Representatives from Hong Kong's Occupy Central movement have agreed to hold formal talks with the government.
No date has been set but the students made it clear the talks would be called off if the remaining demonstrators were cleared from the streets by force.
As the protests entered their second week, crowds began to die down as civil servants returned to work on Monday.
Pro-democracy activists are protesting at China's plans to vet candidates when Hong Kong holds elections in 2017.
They are demanding that the central government in Beijing allow a fully free vote for the territory's leader.
The BBC's John Sudworth in Hong Kong says that although the number of protesters has fallen since the weekend, a hard-core group still remain and had bedded down on the barricades on Monday night.
The first round of preparatory talks with student representatives and some government officials ended on Sunday night, and on Monday it was agreed that both sides would begin a formal dialogue.
The BBC's Juliana Liu in Hong Kong says protesters appear to have decided to beat a strategic, possibly temporary, retreat - partly out of sheer exhaustion.
She says activists have been encouraged by the news of the informal meetings to lay the groundwork for talks on political reform.
The protesters are angry at China's plans to vet candidates when Hong Kong holds elections in 2017.
"People need rest, but they will come out again. It doesn't mean the movement is diminishing. Many people still support it," he said.
The protests have been largely peaceful despite disturbances after tear gas was deployed by police last week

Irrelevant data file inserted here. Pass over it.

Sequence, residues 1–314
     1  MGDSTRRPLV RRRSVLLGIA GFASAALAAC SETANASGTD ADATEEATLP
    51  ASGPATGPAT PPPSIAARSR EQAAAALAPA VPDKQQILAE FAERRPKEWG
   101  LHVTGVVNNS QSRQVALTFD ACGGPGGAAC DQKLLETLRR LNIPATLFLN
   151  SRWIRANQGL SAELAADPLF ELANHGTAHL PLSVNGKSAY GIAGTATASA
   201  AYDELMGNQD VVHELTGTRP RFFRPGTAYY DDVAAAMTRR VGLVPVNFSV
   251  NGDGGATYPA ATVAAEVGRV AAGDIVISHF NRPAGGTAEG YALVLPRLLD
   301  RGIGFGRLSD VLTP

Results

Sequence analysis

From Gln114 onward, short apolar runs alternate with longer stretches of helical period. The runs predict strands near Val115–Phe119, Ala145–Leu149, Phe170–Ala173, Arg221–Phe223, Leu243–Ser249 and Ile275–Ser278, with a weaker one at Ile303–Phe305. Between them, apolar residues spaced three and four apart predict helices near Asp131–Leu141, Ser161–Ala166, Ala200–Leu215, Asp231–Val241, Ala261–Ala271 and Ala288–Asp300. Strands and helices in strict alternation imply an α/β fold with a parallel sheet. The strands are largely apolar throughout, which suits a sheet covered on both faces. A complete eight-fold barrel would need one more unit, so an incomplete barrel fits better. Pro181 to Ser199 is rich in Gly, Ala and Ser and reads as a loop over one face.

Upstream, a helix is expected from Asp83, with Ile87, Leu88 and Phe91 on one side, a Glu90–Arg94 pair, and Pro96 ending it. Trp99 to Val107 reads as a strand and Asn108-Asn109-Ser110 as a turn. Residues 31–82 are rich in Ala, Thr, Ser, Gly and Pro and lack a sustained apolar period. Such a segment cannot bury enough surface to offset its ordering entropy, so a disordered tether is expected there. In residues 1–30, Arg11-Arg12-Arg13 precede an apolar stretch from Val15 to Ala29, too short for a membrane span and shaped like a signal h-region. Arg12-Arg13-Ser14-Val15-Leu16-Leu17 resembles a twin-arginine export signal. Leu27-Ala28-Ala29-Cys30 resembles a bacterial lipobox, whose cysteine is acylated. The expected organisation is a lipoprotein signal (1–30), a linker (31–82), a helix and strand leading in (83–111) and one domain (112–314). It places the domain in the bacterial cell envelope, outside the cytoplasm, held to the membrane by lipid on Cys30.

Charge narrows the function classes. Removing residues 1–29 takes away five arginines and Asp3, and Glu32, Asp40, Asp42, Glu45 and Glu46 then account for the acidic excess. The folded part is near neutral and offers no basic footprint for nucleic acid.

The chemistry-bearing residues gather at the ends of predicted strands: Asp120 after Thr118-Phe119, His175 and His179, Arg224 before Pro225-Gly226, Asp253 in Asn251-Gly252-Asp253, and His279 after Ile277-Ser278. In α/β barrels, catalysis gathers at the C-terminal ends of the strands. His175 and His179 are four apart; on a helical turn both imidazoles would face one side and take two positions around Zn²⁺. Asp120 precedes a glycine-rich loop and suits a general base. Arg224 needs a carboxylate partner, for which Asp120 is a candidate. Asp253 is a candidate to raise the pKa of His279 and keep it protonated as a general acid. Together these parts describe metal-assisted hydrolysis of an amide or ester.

Over the weekend Hong Kong Chief Executive CY Leung had called on the protesters to end the demonstrations, warning that police had a responsibility to take all actions necessary to resume order.
He said civil servants had to return to work and children needed to go to school.
In the past week parts of central Hong Kong were brought to a complete standstill as huge crowds in the tens of thousands gathered on the streets.
However the numbers of protesters had trickled down to the hundreds on Monday night, with around 500 protesters remaining camped outside in the main protest zone on Harcourt Road according to the South China Morning Post.
Several hundred remain in Mong Kok, north of the harbour, despite earlier calls by organisers for protesters to withdraw from that site, following clashes at the weekend with people opposed to the demonstrations. A smaller number of protesters are still camped out at Causeway Bay.
Police said on Monday that at least 37 people had been arrested so far in Mong Kok. They said five others had been arrested for allegedly hacking government websites.
The mass demonstrations have split opinion in Hong Kong, with many residents frustrated at the disruption caused by the protests.
On Monday the South China Morning Post reported that 59 prominent businessmen signed an open letter on the Occupy protests, saying: "Disrupting the social order of Hong Kong is not helpful to the development and discussion of the political reforms. Nor would it solve any problem."
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